Children today are our planet’s hope for the future, but only if they grow up with an interest in nature and a sense of responsibility for the environment. In our Crossing Boundaries project, we aim for students to gain global perspectives on nature and conservation. One strategy is by connecting U.S. and Mexican classrooms, giving students the chance to send projects back and forth or even hold videoconferences over the Internet.
As part of this effort, I recently traveled in Jalisco, Mexico, with two New York teachers, Roberta Palmiotto and Jamie Hefti. We visited classrooms, met teachers, and talked about connecting distant students through talking about birds and teaching each other about their local species and issues.
We’ve found that when students share their work with peers, they stop worrying so much about getting a good grade and focus instead on relevant, real-world communication. Teachers have long used classroom pen pals as a way to bridge cultures and inspire students, but the Internet has made that approach more powerful than ever. Two years ago, our BirdSleuth project helped middle school students in Florida and Oregon peer review each other’s science projects. We’re hoping soon to be able to do something similar with Mexican classrooms, getting the students talking about and studying bird species that we share across countries and others that are unique to one setting or the other.
During our travels in Jalisco, we visited schools in and around Guadalajara and held a daylong workshop with Mexican teachers interested in birds and information technology. Palmiotto and Hefti demonstrated how their students use free software to create podcasts and video stories about birds—approaches their Mexican collaborators now hope to adopt. Discussions focused on questions such as how to inspire students to care about birds and their habitats, and whether exchanging podcasts or video reports with distant peers might be better than traditional classwork in motivating students to learn.
Although computers and Internet connections are more limited in some of their schools than in ours, the Mexican teachers were clearly enthusiastic about giving these approaches a try. For his part, Hefti was inspired by the creativity and resolve he saw in Jalisco. After returning home he reflected, “My perspective on what American education should be has been altered. We met with people who do so much with so little…. What I saw was that constraints were not the focus to those that wanted to make a difference in Mexico.”
“As the Jalisco teachers were leaving our workshop, I felt sad to see them go,” Palmiotto said. “It was an honor to talk with them and hear about the amazing programs they are already involved in. I truly hope that we can foster international respect by continuing to connect our students through letters and technology.”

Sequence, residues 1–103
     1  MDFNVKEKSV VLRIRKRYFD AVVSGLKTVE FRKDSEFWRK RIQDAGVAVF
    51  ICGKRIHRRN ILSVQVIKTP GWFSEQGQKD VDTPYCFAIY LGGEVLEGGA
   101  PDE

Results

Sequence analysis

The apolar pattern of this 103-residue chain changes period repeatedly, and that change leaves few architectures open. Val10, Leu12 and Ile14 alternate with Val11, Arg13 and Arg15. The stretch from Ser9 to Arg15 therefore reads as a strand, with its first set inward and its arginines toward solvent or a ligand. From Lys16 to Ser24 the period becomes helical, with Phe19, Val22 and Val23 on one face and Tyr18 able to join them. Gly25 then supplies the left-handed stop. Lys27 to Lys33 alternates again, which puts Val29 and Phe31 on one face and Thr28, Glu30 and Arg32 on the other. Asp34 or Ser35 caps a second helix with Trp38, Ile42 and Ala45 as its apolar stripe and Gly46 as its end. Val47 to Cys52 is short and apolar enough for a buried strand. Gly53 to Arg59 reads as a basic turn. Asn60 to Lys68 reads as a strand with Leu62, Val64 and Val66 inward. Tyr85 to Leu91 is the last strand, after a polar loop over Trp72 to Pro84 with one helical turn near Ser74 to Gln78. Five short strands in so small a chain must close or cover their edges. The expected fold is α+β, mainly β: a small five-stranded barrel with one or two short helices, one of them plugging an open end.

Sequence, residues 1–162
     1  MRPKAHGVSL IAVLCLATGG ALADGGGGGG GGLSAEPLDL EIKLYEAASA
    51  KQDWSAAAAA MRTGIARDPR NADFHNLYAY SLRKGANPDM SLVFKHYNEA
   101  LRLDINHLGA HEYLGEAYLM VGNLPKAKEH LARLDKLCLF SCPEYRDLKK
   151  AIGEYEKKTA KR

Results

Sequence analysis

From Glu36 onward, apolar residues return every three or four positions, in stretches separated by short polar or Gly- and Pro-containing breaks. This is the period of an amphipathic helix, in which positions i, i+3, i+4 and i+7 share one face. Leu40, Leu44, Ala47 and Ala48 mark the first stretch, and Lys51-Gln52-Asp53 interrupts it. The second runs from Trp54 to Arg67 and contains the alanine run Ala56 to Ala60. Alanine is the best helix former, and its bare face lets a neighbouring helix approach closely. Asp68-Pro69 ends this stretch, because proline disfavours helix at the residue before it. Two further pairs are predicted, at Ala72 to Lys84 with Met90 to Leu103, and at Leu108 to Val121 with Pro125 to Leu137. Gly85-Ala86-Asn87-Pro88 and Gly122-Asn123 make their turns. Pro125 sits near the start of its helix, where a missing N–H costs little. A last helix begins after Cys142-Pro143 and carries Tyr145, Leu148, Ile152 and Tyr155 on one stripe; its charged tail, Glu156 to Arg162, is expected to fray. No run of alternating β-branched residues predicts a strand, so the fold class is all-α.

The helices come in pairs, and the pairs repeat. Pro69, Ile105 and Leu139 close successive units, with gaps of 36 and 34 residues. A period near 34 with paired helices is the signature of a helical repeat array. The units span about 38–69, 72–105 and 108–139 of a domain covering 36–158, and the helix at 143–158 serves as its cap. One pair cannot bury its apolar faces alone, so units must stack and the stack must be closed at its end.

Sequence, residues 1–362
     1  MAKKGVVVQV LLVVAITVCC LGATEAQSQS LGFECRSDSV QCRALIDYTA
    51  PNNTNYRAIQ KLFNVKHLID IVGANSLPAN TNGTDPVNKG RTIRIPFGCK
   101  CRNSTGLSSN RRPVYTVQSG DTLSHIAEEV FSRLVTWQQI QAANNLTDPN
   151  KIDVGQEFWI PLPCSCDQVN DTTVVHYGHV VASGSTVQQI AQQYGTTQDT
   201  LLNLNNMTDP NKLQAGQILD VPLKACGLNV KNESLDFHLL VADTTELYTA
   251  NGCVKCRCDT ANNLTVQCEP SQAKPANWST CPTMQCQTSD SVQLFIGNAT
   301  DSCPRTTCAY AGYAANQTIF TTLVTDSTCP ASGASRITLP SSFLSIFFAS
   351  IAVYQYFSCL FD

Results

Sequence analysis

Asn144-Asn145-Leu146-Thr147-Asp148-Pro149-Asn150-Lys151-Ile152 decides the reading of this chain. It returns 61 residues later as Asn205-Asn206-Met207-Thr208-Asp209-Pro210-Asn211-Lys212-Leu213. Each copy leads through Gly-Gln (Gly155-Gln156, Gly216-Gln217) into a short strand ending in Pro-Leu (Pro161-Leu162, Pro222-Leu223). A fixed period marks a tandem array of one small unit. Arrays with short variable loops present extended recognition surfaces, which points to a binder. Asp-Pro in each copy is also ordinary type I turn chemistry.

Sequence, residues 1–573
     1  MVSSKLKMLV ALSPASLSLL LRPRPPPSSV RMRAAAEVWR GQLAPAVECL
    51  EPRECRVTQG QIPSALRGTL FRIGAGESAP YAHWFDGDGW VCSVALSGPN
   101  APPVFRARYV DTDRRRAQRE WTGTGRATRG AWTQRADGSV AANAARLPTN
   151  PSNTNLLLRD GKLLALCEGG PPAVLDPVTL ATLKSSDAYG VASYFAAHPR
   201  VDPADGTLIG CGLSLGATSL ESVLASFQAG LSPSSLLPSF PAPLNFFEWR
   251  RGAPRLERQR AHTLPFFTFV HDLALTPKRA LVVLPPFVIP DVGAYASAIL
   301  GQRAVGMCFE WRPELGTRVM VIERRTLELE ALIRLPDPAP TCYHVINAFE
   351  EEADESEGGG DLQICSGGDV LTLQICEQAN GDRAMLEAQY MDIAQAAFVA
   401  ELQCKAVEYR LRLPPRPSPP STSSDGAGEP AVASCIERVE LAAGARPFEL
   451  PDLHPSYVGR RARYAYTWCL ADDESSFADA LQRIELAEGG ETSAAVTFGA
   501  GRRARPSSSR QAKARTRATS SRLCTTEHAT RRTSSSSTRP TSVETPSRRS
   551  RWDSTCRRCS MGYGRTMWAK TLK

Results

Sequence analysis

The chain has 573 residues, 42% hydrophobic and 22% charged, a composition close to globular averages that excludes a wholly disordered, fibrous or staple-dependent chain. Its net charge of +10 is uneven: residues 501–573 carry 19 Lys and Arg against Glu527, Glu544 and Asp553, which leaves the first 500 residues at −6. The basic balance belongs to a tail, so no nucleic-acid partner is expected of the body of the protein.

While traveling, Palmiotto and Hefti posted news updates so their students could follow along at home, and they also carved out time in our hectic travel schedule to Skype (video chat) with their students and answer questions about Mexican food, weather, school life, and birds. (Here are links to Palmiotto’s blog and Hefti’s blog.)
The central question motivating our trip was whether students will be more intrigued by collaborating with students in a distant land. Will children in Mexico gain pride in their local environment through sharing information with U.S. students?
We think they will. At a school in the town of Autlán, an enthusiastic teen asked me whether we have as many endemic bird species in New York as they have in Jalisco. I replied that in fact New York has no endemic bird species and that we were thrilled to be having the chance to view several in Jalisco that we would never see on the homefront. We also had fun discussing the idea that much like the “snowbirds” in New York who take their winter vacations down south, many of our bird species do this too—and therefore are familiar at different seasons in our two settings.
After returning home, Hefti reflected, “For every new experience life in Mexico presented, my mind would further generate a thousand combinations of ideas and questions. What are the environmental issues inherent to a student’s life in Mexico? How do they compare to those of children growing up in the United States? How can we create time for students in both countries to share and discuss their environmental experiences?”
These are the sorts of questions Crossing Boundaries was created to tackle. We’ll be exploring them throughout this school year and beyond with the help of teachers like Hefti, Palmiotto, and our new Mexican collaborators. Find out more about our work, and the teachers and scientists working with us, at our Crossing Boundaries site.
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